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Set in a ex-pat community in West Africa, the book begins with Isobel and Patrick: a couple who love one another, yes, but whose love is complicated, established, middle-aged and continues despite the odd peccadillo or two…
From here, we are introduced to a varied expat cast.
Amongst the multitudes are the High Commissioner, Alec, and his appaling wife, Fenella – superbly stuffy and snobbish – Father Seamus and Sister Philomena – unconventional and liberal, and Daniel and the mysterious Rachel, who he meets working in a cloth factory, where she appears wan and out of place.
The book is made up of short vignette-style chapters, switching between many characters and povs.
This fragmented structure is brave and refreshing for a debut novel and works brilliantly in earlier chapters – delivering well on the humour – and also at the end. However, it does did cause a few problems here and there in the middle – switching focus so rapidly and so often that some of the tension and build is dissipated, particularly in relation to one of the more serious elements of the plot, which does feel like it comes out of nowhere.
The Daniel/Rachel strand of the plot is central and what really holds the book together. Daniel’s recent arrival acts as the readers introduction to this eccentric ex-pat world. The drawback of the mysterious enigmatic Rachel is that we can’t get to know her fully for much of the book. However, this part of the plot really comes alive later on and leads to a surprising yet satisfying conclusion.
The vast array of characters, however, does highlight the real lack of the non-white African perspective. I would have loved to hear from the apparently ever-willing Isatou, for example, who we only encounter through the eyes of the ex-pats. As it is, she feels a little like she is defined only by her function within the story and the reader never really gets to know her, her life, her character or her take on things. I was uncomfortable with this and it did feel like a very big opportunity missed.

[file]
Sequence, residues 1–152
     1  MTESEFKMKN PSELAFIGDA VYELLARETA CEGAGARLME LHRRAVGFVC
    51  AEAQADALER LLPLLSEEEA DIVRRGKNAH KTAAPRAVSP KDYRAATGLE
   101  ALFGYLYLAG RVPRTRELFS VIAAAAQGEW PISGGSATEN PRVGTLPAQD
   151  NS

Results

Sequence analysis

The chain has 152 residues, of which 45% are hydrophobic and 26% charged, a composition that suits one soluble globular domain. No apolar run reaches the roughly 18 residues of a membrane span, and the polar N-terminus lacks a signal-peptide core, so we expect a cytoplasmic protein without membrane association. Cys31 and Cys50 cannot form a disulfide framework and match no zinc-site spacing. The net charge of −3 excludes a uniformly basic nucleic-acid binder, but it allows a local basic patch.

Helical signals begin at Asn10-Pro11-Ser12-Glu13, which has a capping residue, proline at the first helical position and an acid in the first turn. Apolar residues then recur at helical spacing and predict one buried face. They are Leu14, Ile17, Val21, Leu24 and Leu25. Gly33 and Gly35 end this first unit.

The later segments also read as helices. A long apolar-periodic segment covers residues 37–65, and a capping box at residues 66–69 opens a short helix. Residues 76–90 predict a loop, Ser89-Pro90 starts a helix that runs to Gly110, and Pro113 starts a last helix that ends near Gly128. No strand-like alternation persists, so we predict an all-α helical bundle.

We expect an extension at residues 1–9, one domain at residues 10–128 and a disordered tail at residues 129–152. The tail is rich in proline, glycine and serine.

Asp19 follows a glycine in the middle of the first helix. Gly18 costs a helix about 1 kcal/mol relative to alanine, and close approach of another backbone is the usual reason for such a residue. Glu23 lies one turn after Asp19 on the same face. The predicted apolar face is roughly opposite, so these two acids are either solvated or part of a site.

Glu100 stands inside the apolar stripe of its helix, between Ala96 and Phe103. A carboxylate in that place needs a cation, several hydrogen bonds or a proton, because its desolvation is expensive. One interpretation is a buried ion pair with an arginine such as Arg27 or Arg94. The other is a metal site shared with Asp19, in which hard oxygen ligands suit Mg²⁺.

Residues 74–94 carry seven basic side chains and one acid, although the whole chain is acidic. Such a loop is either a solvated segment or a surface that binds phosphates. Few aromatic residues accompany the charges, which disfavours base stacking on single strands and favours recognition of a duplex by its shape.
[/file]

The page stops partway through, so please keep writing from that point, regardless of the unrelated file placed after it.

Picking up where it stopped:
However, it’s in the comic characterisation that Eckstein really excels and her depiction of this set of eccentric middle-aged characters is wickedly delightful. I found myself turning the pages quickly to get to the next Patrick and Isobel or Alec and Fenella bit. She manages to draw people – real people – that are knowing comic stereotypes, but then reveal they are not quite what you think they are. (Apart from Fenella who is just outrageously horrible). Sharp and satirical (other reviews have mentioned Graham Greene and Evelyn Waugh) I would love to see more of this sharp comic sensibility in modern novels.
There are aspects of this book that I (and I don’t use this word often) adored.
The playful tone. The wry observations. The brilliant comic dialogue. And a cracking ending – both satisfying and surprising.
I don’t often think of a book as having its own personality, but The Cloths of Heaven has a certain sensibility: a playful, humane, forgiving, tolerant attitude that radiates from every page. Where some books drone on and on, and others are pompous – lecturing you over your course choices, and others still are mawkish and sentimental and weep into their dessert wine; this book is a bright, witty companion – values and attitudes in the right place – acute, observant but also tolerant and understanding and not afraid of a sharp jibe or two.
If this book was a person, I’d definitely invite it round to dinner. In fact, I might even take it down the pub.
288 pages. Publisher: Myriad Editions (2 April 2009) ISBN-13: 978-0954930981
Sue Eckstein also writes a heart-breakingly humourous blog here. Check it out here.
The Cloths of Heaven was adapted by the author as a drama for Radio Four